NEW YORK, Nov. 21 (UPI) -- The defacing of a park in New York named for Beastie Boy Adam "MCA" Yauch -- the most socially conscious of the three bad brothers we know so well -- drew a large crowd, including another Beastie Boy speaking out against the increase of racists incidents in the last few weeks.
Adam "Ad-Rock" Horovitz spoke during a rally Sunday at Adam Yauch Park in Brooklyn, days after swastikas and "Go Trump" were found painted on equipment at the park.
Yauch, who was Jewish, and also espoused Buddhist philosophy for more than two decades in lectures and in his lyrics, died in 2012 of cancer. After years of self-examination, Yauch made it a point to take back the sometimes misogynist, insensitive lyrics of the Beastie Boys' early years, often dedicating verses or whole songs to rhyming about the practices of nonviolence, empathy and tolerance.
Hundreds of people filled the park Sunday to oppose what New York State Sen. Daniel Squadron said are "people who seem to feel empowered by Trump to spew intimidation and discrimination" -- with the defacement of a children's playground one of hundreds of incidents reported across the country since Trump's win in the presidential election.
"I'm assuming that we're all here today 'cause we're thinking the same thing: spray-painting swastikas at a children's playground is a messed up thing to do," Horovitz said to the crowd. "This is about hate crimes towards Muslims soaring to their highest levels since 9/11. We elected a president that is giving our children the message that it's OK to attack people of color. This is real. We've gotta stand up against hate. If you're able to give money, give to Black Lives Matter. If you're able to protest, protest. If you're able to volunteer, volunteer."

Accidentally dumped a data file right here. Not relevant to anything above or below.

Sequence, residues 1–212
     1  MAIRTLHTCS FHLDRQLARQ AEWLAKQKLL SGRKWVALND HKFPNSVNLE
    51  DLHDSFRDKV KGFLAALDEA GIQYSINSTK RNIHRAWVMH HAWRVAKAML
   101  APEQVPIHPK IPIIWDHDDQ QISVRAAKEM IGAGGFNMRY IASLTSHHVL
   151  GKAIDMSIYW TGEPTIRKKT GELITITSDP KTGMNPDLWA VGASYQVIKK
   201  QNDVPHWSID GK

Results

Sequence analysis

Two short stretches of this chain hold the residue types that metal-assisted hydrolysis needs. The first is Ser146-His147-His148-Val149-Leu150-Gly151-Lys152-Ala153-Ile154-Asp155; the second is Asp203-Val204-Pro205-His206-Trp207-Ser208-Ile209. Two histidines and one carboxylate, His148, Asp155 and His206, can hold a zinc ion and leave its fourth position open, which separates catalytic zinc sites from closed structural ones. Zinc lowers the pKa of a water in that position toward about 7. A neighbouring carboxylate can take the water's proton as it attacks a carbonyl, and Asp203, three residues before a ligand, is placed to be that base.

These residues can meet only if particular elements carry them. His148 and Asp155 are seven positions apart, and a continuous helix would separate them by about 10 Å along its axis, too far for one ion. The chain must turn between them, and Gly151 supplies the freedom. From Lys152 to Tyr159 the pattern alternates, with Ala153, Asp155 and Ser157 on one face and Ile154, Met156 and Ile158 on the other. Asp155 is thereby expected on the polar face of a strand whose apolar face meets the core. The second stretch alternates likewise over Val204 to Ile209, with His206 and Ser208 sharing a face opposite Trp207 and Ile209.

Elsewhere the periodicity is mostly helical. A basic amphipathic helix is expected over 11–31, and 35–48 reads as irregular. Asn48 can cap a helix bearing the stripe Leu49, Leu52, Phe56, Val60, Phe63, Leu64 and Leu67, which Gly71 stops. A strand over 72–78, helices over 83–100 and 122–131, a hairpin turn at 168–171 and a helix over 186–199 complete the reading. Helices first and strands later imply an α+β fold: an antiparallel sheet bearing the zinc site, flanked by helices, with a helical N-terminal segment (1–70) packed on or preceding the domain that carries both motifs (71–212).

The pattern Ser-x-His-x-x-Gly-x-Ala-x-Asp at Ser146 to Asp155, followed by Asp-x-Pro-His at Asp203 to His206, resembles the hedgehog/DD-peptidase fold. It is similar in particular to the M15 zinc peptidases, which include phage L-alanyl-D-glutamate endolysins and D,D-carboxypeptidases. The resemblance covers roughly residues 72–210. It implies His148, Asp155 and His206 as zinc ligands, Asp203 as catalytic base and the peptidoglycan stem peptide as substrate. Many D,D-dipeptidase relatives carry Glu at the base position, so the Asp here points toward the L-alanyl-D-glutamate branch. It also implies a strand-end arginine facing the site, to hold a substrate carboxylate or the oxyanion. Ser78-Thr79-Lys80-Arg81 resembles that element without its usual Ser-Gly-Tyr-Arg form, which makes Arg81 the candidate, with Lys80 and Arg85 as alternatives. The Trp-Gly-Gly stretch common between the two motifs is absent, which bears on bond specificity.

"If you're a musician, write that anthem. Take what you're good at and give to the cause that you care most about. And please keep your eyes open. Stand up for each other. I reject Donald Trump's mission of America. Brooklyn, Bronx, Queens and Staten, from the Battery to the top of Manhattan. Black, white, New York, let's make it happen!" he said.
Horovitz wasn't the only person in the crowd quoting Beasties' lyrics, as chants including "We Gotta Fight For Our Rights" and "No Sleep 'Til No Hate In Brooklyn" were heard, along with support for Black Lives Matter and slogans against President-elect Trump.
Squadron, the New York Police Department and the New York Parks Department are in the process of cleaning the graffiti off of park surfaces, Squadron said, but echoed Horovitz's message that the combination of images meant to spark fear and express hatred left at a playground suggests the problem is getting worse.
"This should make us all worry about and focus on how to make sure that vandalism and intimidation doesn't beget violence, which doesn't beget the sorts of actions that divide the country and are frankly unconstitutional," Squadron said.